Psychiatric service dogs are an emerging complementary treatment for military members and veterans with posttraumatic stress disorder (PTSD). Yet despite anecdotal accounts of their value, there is a lack of empirical research on their efficacy. The current proof-of-concept study assessed the effects of this practice.
A non-randomized efficacy trial was conducted with 141 post-9/11 military members and veterans with PTSD to compare usual care alone (n = 66) versus usual care plus a trained service dog (n = 75). The primary outcome was longitudinal change on the PTSD Checklist, including data points from a cross-sectional assessment and a longitudinal record review. Secondary outcomes included cross-sectional differences in depression, quality of life, and social and work functioning.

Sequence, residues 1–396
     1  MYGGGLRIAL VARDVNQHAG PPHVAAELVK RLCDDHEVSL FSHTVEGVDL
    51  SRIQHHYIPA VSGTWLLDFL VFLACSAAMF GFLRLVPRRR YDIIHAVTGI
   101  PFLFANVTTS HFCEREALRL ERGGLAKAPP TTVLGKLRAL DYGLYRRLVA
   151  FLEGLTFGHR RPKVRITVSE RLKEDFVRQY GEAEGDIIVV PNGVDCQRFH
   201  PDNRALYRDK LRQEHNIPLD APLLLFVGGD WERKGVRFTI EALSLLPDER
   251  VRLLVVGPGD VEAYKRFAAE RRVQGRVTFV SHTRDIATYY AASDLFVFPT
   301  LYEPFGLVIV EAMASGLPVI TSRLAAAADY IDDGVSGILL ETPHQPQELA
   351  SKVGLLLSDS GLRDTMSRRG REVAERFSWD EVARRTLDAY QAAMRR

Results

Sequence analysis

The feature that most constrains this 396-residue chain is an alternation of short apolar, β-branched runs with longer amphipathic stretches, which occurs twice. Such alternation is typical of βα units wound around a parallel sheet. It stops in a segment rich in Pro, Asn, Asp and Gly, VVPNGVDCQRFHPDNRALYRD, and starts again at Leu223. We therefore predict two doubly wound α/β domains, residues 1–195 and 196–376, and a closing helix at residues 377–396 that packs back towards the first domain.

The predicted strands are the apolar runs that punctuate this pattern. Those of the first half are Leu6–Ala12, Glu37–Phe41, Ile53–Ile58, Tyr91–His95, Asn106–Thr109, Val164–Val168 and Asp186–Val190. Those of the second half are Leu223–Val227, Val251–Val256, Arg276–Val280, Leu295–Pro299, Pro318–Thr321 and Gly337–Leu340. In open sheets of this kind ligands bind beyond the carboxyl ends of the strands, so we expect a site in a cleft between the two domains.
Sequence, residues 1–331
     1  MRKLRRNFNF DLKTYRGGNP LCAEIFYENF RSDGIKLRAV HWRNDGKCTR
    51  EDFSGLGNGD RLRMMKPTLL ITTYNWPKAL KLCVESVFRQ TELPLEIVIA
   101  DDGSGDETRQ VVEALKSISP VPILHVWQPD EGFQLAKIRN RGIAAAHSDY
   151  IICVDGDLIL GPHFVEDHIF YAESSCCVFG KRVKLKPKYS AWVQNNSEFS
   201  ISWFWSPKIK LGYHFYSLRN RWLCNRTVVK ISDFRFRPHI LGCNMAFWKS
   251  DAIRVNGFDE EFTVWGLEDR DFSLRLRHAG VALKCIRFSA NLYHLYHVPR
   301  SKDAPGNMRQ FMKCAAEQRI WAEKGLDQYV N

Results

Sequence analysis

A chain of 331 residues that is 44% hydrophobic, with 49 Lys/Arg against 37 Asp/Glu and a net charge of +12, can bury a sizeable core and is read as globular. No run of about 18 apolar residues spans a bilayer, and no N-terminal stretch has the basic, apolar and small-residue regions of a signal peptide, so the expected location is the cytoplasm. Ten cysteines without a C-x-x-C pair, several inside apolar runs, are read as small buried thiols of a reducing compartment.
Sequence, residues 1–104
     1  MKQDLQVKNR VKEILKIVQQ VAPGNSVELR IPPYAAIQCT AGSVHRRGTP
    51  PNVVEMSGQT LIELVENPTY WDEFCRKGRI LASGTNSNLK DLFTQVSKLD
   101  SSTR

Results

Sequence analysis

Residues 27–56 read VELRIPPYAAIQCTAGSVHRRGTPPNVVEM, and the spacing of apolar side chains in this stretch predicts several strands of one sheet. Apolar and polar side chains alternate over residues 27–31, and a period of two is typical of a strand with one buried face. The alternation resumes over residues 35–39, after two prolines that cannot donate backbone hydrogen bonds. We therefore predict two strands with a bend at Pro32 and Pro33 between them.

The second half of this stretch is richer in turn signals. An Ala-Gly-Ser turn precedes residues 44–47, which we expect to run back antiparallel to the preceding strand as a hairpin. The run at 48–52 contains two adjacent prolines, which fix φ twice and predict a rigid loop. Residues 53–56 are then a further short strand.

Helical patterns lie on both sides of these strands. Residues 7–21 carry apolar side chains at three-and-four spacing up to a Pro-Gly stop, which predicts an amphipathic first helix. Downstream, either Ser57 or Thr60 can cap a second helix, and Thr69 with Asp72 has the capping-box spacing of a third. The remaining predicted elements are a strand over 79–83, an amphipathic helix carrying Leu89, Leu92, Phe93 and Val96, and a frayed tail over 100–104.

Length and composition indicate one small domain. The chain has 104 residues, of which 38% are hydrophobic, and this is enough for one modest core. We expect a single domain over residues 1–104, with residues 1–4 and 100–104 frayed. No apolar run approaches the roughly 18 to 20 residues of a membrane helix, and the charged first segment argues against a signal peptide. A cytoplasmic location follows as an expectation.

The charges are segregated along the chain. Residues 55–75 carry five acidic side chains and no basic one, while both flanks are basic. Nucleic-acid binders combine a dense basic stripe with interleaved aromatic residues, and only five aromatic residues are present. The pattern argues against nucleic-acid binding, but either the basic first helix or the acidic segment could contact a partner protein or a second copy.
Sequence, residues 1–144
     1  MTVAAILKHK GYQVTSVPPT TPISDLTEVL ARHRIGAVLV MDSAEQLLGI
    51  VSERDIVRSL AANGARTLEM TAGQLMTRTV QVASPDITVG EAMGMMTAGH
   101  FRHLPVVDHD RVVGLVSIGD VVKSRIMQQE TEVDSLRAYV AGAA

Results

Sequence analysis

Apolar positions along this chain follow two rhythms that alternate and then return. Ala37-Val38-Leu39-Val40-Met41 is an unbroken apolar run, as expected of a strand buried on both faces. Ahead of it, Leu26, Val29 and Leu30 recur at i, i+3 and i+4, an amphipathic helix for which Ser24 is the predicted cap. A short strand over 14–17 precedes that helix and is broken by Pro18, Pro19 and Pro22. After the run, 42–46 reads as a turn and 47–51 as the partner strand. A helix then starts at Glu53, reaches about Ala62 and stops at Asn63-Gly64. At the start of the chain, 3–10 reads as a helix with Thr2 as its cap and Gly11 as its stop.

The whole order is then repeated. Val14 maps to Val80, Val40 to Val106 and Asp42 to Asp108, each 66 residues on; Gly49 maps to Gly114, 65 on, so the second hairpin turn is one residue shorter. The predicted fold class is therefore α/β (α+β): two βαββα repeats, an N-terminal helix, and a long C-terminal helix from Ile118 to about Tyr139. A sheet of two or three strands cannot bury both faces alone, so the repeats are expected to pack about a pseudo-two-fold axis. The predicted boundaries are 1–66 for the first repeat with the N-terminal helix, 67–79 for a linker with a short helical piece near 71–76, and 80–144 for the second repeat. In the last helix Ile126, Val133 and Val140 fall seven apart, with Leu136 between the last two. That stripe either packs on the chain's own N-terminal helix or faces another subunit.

Mixed model analyses revealed clinically significant reductions in PTSD symptoms from baseline following the receipt of a service dog, but not while receiving usual care alone. Though clinically meaningful, average reductions were not below the diagnostic cutoff on the PTSD Checklist. Regression analyses revealed significant differences with medium to large effect sizes among those with service dogs compared to those on the waitlist, including lower depression, higher quality of life, and higher social functioning. There were no differences in employment status but there was lower absenteeism due to health among those who were employed.
The addition of trained service dogs to usual care may confer clinically meaningful improvements in PTSD symptomology for military members and veterans with PTSD, though does not appear to be associated with a loss of diagnosis.